Referring next to FIG. 4, and exemplary bracket 22 is shown in perspective. Placed near the intersection of the two portions 24, 26 is a first bore 48 that extends completely through the bracket 22. When the apparatus is mounted on a pistol, this first bore 48 will be located near the trigger guard of the pistol. The preferred diameter of this bore 48 is just a very few thousandths of an inch larger than the diameter of the cap screws 36 that will be used to hold the plates 18, 20 together. To increase the sturdiness with which the side plates 18, 20 and the bracket 22 are held together, it is preferred that there be two cap screws 36 that extend transversely through the longitudinal plane of the pistol. The length of the cap screws 36 will be chosen to pass from one side plate through the thickness of the bracket 22 and still have enough engaged threads on the other side of the mount to convert a multi-part assemblage into a rigid unit.
Referring next to FIG. 5, another embodiment of the invention is shown in the form of an apparatus 110, which is adapted to be affixed to a pistol in a similar manner--but which is designed to position an auxiliary sighting aid above the pistol's barrel. Shown in this embodiment is a telescope 112 that is secured to the pistol so that its longitudinal axis 114 is at least generally parallel to the pistol's bore. As is customary with such scopes, it is characterized by having a generally cylindrical housing 116, such that it may be grasped and securely held by rings having a generally cylindrical internal configuration.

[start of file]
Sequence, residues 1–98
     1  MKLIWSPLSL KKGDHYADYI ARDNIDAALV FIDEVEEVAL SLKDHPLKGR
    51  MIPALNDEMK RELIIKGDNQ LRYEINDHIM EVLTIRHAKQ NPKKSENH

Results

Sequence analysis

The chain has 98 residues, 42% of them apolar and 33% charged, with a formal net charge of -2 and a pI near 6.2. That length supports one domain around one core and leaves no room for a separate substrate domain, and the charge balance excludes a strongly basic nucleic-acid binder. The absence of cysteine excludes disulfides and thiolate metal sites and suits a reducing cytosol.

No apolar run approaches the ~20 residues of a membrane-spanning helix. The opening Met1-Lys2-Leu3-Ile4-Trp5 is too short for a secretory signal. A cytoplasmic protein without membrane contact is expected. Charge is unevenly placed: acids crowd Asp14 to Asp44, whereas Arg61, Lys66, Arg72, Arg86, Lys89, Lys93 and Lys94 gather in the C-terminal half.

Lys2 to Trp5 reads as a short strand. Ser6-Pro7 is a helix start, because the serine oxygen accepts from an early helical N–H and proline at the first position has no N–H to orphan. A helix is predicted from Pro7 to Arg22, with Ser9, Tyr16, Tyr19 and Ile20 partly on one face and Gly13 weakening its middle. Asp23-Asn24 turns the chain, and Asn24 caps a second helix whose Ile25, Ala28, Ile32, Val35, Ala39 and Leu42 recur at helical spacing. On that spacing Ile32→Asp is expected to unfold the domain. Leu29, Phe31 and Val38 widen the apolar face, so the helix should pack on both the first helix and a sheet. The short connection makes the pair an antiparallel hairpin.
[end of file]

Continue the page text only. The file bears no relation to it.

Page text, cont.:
Referring next to FIG. 6, a right side plate 118 is visible on the right side of the pistol because the left side plate 120 has been broken away to facilitate viewing the interior of the mounting apparatus 110. Referring additionally to FIG. 7, a lower portion of side plate 118 extends below the barrel where it may be connected with a suitably shaped bracket 122 using a mechanical fastening means to create a rigid unit. In this particular embodiment, the left side plate 120 is permanently connected to the right side plate 118 through a horizontal member 121 at the top of the apparatus 110. Thus, the combination of the right side plate 118, the connecting member 121, and the left side plate 120 form a generally U-shaped structure that constitutes the bulk of the apparatus 110. It will be apparent that the U-shaped structure is mounted upside down with respect to the pistol, such that the closed part of the U is high and the open part of the U faces downward. Bolts or cap screws 136 at the bottom of the U-shaped structure are effective to bridge the gap between the lower portions of the side plates 118, 120. A bracket 122 that is captured by bolts 136 creates a closed structure whose transverse cross-sectional appearance is that of a tall O. Indeed, it is preferable that the O-shaped apparatus 110 be sufficiently elongated so that there will be a significant space between the factory-original "iron" sights on a pistol and the bottom of the cross member 121. With such an arrangement, a person wishing to shoot the pistol at a target will have the option of using the original sights (by looking under cross-piece 121) or using a scope or the like that is attached to the top of cross-piece 121.